This is a story about The Internet Of Things and how dystopia is real, and we already live in it. Yesterday, Motherboard reported that Spiral Toys, the toy company that sells CloudPets, has been caught in a massive data breach over the last year.
CloudPets have been recording at least 800,000 parents’ conversations with their kids through CloudPets teddy bears, storing the personal conversations in a cloud, and leaving them floating around in the Internet for hackers to find. Hackers did, in fact, invite themselves in the conversations of 800,000 families and CloudPets and Spiral Toys are to blame.
To be clear, this data breach is a cyberattack against families and their privacy. Whereas parents used to build high fences around their yards to guard against neighbours’ prying eyes, they now need to keep corporate interests out of their kids’ bedrooms by navigating toy stores with diligence.
Perhaps the parents were just saying, “Goodnight, Sammy, we love you — sleep tight”, and not, “Welcome to our house, Snake, we keep the piles of cocaine we traffic under Sammy’s mattress”, but it’s not the message that matters. It’s that privacy is not a commodity to be sold.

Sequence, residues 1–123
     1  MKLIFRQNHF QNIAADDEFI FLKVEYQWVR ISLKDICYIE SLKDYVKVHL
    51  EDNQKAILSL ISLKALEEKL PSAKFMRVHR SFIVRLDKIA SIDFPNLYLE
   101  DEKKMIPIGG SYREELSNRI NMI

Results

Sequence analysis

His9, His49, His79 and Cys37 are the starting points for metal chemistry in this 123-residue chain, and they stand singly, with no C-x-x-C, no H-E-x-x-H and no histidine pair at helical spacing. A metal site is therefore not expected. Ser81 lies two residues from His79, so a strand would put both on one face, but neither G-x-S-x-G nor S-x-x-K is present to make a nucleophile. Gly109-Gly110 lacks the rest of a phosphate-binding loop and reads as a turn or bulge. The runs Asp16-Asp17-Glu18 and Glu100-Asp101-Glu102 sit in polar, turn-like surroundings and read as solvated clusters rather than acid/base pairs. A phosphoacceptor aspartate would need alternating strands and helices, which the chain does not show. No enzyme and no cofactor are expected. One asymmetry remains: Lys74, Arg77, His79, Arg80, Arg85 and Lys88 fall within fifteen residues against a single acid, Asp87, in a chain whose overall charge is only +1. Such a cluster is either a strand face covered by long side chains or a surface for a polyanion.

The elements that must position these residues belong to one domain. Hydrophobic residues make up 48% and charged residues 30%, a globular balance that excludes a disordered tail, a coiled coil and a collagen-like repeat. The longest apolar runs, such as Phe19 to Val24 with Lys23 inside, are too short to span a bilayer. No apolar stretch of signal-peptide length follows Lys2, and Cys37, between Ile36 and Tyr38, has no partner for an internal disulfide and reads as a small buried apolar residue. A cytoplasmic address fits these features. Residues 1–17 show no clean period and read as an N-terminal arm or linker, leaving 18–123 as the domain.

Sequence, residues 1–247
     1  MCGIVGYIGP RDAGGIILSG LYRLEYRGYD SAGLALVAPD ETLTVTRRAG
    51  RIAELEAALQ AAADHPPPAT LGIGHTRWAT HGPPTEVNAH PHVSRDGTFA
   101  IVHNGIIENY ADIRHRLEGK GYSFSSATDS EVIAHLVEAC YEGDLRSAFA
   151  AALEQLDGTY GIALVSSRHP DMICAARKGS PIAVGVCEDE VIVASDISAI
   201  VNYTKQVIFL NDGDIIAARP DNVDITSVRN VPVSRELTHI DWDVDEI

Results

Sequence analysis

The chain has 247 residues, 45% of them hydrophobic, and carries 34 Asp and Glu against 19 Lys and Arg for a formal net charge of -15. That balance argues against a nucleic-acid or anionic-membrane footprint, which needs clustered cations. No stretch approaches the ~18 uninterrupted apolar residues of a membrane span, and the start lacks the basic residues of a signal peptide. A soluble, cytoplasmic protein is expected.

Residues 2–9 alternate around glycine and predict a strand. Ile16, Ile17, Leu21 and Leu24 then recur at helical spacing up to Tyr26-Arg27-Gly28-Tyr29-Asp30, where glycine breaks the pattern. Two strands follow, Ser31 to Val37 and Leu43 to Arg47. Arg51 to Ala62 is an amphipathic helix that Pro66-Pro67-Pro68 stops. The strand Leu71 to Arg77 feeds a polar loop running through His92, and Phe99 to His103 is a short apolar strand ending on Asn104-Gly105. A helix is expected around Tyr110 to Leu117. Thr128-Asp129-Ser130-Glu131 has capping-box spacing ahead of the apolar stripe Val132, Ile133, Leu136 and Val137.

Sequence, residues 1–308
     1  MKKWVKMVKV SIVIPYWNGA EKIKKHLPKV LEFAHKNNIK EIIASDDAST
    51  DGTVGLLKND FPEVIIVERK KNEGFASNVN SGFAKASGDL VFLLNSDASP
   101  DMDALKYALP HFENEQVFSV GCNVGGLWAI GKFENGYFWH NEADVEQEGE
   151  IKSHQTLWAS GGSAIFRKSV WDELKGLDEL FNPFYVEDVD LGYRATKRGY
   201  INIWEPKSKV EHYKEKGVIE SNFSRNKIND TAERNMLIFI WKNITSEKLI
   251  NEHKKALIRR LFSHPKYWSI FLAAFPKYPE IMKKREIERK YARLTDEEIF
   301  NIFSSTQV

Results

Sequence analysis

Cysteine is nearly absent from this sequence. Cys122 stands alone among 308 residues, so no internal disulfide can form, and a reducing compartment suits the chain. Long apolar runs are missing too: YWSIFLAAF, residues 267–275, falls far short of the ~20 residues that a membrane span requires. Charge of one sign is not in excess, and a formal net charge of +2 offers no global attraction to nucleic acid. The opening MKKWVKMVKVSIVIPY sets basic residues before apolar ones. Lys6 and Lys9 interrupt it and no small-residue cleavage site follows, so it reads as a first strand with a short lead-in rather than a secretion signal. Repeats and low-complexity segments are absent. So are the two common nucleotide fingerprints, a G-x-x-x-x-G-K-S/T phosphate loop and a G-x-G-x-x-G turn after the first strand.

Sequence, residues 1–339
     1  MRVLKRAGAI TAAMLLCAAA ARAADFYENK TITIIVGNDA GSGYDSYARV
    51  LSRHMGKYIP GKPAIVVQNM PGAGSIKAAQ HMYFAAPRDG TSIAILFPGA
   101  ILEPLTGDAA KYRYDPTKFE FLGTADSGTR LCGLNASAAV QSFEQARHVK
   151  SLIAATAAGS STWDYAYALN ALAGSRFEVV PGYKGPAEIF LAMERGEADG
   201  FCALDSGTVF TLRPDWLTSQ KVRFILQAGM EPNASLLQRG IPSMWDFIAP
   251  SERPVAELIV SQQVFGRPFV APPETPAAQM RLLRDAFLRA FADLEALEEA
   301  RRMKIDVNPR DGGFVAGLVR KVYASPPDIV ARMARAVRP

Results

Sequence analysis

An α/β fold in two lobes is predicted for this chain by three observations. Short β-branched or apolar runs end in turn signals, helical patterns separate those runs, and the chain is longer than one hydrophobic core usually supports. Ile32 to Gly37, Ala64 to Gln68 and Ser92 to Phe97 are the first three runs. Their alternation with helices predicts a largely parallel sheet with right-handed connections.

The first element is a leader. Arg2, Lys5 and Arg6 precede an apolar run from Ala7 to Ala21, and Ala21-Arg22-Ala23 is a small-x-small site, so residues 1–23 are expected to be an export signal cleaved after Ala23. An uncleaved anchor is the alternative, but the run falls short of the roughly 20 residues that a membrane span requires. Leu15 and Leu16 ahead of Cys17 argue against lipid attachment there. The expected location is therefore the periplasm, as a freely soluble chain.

Brands do not get to help themselves to private conversations.
The problem with The Internet Of Things and is how it facilitates the collection of data from regular old household items like teddy bears, which most innocent people don’t expect — they’re used to building high fences, not protecting against a data breach through teddy bears in their kids’ bedrooms.
Brands like Spiral Toys want to collect data because they can use it to get to know their market intimately, and use it to sell them even more products. Data is most valuable when it’s unique and proprietary and Spiral Toys went so far to record what’s possible the most private and personal of relationships: The relationship between a mother or father and child.